American Flag, Native Blood
Colonel Chivington orders Robert Bent, twenty-four-year-old guide and interpreter from Fort Lyon to accompany his soldiers. Bent gives his version of the events at Sand Creek:
The command consisted of from nine hundred to one thousand men… We left Fort Lyon… and came on to the Indian camp at daylight the next morning. Colonel Chivington surrounded the village with his troops. When we came in sight of the camp I saw the American flag waving and heard Black Kettle tell the Indians to stand around the fag, and there they were huddled—men, women and children…[I] also saw a white flag raised. These flags were in so conspicuous a position that they must have been seen. When the troops fired, the Indians ran…I think there were six hundred Indians in all… thirty-five braves and some old men, about sixty in all. All fought well… I saw five squaws under a bank for shelter. When the troops came up to them they ran out and showed their person to let the soldiers know that they were squaws and begged for mercy, but the soldiers shot them all. There seemed to be indiscriminate slaughter of men, women, and children. There were some thirty or forty squaws collected in a hole for protection; they sent out a little girl about six years old with a white flag on a stick; she had not proceeded but a few steps when she was shot and killed. All the squaws in that hole were afterwards killed.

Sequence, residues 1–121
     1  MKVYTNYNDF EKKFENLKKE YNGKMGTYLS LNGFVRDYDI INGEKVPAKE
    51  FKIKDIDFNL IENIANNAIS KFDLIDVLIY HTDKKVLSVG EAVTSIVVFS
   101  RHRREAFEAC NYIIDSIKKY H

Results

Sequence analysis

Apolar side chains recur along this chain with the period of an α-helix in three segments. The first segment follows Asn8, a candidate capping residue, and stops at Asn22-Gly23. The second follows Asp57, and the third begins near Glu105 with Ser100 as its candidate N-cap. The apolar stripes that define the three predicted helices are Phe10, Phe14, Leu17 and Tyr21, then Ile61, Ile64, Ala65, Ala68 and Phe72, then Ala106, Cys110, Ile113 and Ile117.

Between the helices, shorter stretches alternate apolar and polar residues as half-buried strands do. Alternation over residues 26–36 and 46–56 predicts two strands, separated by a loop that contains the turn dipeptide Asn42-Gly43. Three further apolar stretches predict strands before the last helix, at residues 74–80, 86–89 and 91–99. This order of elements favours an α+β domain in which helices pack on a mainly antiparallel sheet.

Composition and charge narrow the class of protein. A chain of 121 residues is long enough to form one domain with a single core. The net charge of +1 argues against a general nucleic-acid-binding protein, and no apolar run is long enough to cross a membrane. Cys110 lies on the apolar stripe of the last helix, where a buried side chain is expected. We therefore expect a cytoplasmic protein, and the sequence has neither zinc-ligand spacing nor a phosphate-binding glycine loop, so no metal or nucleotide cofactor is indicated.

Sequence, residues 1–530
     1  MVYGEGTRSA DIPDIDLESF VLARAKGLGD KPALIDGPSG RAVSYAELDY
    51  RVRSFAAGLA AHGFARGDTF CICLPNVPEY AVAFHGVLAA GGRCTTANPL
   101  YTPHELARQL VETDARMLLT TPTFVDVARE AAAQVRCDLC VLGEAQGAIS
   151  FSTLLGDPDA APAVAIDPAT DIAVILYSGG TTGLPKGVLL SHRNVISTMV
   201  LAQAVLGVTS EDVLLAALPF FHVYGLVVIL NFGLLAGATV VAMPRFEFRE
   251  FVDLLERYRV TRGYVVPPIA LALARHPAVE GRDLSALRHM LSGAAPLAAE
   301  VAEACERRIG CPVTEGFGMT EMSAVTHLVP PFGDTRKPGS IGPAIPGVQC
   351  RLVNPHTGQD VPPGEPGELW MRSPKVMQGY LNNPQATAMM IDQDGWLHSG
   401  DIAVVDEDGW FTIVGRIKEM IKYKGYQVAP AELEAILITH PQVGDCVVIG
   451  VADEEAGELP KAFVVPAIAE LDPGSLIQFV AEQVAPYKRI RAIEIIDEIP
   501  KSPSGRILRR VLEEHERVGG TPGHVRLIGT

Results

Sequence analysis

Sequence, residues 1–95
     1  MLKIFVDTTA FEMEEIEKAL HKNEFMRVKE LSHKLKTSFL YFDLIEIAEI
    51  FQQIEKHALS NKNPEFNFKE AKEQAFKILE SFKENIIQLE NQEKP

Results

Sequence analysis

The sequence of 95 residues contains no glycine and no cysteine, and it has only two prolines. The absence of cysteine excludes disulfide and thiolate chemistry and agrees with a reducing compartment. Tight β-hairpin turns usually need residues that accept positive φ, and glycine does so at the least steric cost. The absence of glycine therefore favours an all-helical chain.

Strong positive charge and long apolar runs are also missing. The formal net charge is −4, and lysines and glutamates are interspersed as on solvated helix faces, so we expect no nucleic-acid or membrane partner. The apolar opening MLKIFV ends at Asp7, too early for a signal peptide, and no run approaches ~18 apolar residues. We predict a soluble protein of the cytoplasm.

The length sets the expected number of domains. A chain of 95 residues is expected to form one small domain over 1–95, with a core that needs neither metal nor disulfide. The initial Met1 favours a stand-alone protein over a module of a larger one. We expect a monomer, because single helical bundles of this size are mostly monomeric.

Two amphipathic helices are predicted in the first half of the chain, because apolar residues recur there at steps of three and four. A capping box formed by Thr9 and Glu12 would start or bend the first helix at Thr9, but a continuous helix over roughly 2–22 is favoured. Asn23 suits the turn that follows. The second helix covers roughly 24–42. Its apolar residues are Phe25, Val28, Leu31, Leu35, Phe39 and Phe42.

Every one I saw dead was scalped. I saw one squaw cut open with an unborn child lying by her side. I saw the body of White Antelope with the privates cut off, and I heard a soldier say he was going to make a tobacco pouch out of them… I saw a little girl about five years of age who had been hid in the sand; two soldiers discovered her, drew their pistols and shot her, and then pulled her out of the sand by the arm. I saw quite a number of infants in arms killed with their mothers.
Chronicles of American Indian Protest, 206-208